Let’s take a step back and ask the real question: “If we can’t believe the rep, who or what can we believe?” As alluded to above, many times the rep is sharing good, helpful information that will benefit your team in properly reprocessing the device or using the equipment in question. However, there is no industry standard that requires or advises sterile processing users to follow the advice or education presented verbally by a device sales rep. The gold standard and foundation for compliance is the manufacturer’s written instructions for use. When an accreditation surveyor shows up in your decontamination department and asks how long that Kerrison rongeur should be flushed under running water, they will not be looking for you to respond, “Well, Samantha from Zimmer told us last week it was supposed to be 30 seconds.” The expectation is that you will be able to reference specific documentation from the manufacturer which backs up your reprocessing practices. If you do not have that and can’t find it, nothing a rep ever told you really matters.
It’s natural to assume that someone who shows up at your department with a name tag and shirt logo that matches the name of the medical device you use will provide the best information available pertaining to that device. As many of us already know, that is simply not the case. These are not bad people who don’t care about the impact that misinformation can have on patient safety. For the vast majority of them, they simply don’t understand the complexity involved in reprocessing these devices at the volume that our departments handle, or the tight regulatory oversight our departments are under.
The ultimate responsibility for what goes on in our decontamination, prep and pack, and sterilization areas rests on our shoulders. Neither surveyors nor attorneys care what or what was not said by a particular vendor representative if the written instructions for that manufacturer were ignored. To ensure that your department is heading in the direction of compliance and consistency, education provided by sales reps should be seen as a complement to, not replacement of, written instructions for use. If there is ever a disagreement between what was said and what is written, the written word should win out each and every time.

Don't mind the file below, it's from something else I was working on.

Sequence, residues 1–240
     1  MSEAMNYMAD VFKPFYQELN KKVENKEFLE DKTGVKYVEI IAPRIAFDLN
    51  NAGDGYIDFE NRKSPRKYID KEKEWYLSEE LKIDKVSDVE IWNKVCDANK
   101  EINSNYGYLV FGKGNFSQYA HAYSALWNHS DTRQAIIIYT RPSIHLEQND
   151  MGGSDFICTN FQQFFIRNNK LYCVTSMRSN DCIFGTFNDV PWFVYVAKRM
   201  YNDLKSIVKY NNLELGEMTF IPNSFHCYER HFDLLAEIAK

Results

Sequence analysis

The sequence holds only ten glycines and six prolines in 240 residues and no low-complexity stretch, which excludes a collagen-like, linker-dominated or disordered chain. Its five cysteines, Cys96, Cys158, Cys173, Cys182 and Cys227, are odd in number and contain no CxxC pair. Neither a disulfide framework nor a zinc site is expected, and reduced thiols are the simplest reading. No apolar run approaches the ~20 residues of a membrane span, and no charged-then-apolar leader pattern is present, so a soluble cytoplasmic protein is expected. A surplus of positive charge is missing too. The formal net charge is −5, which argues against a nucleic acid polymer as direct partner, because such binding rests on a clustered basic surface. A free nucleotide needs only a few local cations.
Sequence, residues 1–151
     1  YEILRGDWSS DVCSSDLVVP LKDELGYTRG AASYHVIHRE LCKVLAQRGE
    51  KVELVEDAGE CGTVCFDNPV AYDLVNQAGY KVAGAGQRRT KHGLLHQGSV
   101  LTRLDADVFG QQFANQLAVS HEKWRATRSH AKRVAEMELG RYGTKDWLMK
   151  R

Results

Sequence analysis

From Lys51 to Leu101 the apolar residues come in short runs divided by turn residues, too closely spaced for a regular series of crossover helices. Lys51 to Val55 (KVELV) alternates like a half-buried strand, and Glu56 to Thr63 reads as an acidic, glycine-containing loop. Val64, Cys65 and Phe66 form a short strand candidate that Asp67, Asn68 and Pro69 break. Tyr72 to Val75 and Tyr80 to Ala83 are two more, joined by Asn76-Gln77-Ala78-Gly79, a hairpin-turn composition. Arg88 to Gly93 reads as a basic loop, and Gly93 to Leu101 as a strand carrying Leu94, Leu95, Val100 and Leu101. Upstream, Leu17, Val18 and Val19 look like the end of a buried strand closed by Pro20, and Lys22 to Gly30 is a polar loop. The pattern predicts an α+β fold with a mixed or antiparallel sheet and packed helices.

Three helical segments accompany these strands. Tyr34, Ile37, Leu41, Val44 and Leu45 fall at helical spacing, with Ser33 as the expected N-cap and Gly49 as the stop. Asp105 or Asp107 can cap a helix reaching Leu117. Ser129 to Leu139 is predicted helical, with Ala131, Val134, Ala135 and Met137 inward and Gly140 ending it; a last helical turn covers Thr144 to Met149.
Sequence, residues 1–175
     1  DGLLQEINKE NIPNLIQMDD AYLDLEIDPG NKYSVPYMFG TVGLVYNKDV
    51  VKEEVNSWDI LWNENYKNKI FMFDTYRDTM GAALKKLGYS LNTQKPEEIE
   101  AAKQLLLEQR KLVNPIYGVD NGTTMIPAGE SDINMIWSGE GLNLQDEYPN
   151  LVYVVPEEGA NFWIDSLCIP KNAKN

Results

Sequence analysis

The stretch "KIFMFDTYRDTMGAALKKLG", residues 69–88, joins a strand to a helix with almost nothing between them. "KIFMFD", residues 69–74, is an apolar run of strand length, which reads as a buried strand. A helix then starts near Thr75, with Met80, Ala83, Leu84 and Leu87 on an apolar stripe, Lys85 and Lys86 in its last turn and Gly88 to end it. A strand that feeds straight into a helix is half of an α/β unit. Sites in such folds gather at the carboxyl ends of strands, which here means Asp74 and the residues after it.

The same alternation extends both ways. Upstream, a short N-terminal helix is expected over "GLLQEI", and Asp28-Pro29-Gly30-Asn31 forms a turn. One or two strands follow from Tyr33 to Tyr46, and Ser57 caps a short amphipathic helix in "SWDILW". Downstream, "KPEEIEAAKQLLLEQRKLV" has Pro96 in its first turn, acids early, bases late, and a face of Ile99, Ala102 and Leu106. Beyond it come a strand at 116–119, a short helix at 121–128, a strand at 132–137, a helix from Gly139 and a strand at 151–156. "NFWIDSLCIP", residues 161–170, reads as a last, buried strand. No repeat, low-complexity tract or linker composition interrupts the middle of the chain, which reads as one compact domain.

While none of this is new, it is a good reminder for technicians looking for a source of truth amid the many questions that come up in our fast-paced departments. Yes, you can listen to the rep, but the IFU is the only thing you should trust with your patient and career.
Hank Balch is the Founder and President of Beyond Clean, the global leader in Sterile Processing education & networking. You can follow him on Linkedin at Hank Balch and find his Fighting Dirty video series on YouTube. Hank is an international thought leader and has written over 200 other Sterile Processing articles and commentary, along with published articles in Becker's Hospital Review, Infection Control Today, AAMI News, AAMI BI&T Journal, Outpatient Surgery Magazine, and contributions to Healthcare Purchasing News. Hank's CS/SPD team in Louisville, KY was named the "2016 CS/SPD Department of the Year" by HPN. He has also served as the founding President of the South Texas Association of Sterile Processing Services and President of the Kentuckiana IAHCSMM Chapter, in additional to being nominated for the 2017 President-Elect & 2018 President-Elect of the International Association of Healthcare Central Service Materiel Management, now HSPA.